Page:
Even with two front line starting pitchers (Cliff Lee and Cole Hamels), the Phillies staff struggled as a whole in 2013, finishing ranked 25th or lower in ERA, WHIP and BAA. As you might imagine, Lee and Hamels were not the problem, combining for a 3.24 ERA and 1.08 WHIP. When pitchers like these guys only have a combined record of 22-22, that’s usually a sign of a lack of run support. That was indeed the case as both Lee and Hamels finished in the bottom 10 in MLB in run support per game (3.29 for Lee and 3.36 for Hamels).
Want to check out a preview of my player profiles? Here is my analysis of closer Jonathan Papelbon:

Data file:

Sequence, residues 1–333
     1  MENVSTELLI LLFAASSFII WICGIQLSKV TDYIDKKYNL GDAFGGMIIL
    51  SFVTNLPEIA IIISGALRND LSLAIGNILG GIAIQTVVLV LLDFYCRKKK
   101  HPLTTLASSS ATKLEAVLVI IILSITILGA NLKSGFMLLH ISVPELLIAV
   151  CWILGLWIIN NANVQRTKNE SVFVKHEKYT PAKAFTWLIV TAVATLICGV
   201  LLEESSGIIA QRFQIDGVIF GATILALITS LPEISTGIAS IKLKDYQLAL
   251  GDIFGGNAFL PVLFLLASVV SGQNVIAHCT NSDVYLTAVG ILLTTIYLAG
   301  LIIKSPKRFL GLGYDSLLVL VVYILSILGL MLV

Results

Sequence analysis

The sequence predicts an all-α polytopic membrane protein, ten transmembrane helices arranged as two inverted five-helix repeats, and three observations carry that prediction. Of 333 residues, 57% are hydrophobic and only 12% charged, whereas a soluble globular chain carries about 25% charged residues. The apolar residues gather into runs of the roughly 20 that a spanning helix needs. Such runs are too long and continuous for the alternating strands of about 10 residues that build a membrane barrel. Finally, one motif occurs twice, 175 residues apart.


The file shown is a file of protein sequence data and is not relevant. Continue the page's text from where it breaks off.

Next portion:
Papelbon has 286 career saves over the last 8 seasons (36 per year). He has only had one bad season during his career, but he has never posted plus saves in any season. His command (1.6) has been elite in 2 of the last 3 seasons, but his K rate (8.3) made a spike downward. Last year, he only converted 29 of 36 chances. Jonathan didn’t dominate RH (.252) or LH (.241) batters, and pitched poorly in September (5.40 ERA and 1.80 WHIP). Papelbon no longer has an elite fastball (92.0 – career low). His 2nd best pitch is a split-finger fastball, followed an improving slider. Last year, batters hit .306 against his split-finger fastball. Philly would love to dump him, but he makes too much money. He is a proven closer with a long resume that has upside in K’s if he was ever able to pitch plus innings. His skill set is declining, but he still has enough talent to get the job done. He’s more steady than good and may be an overlooked arm that has a plus year in saves.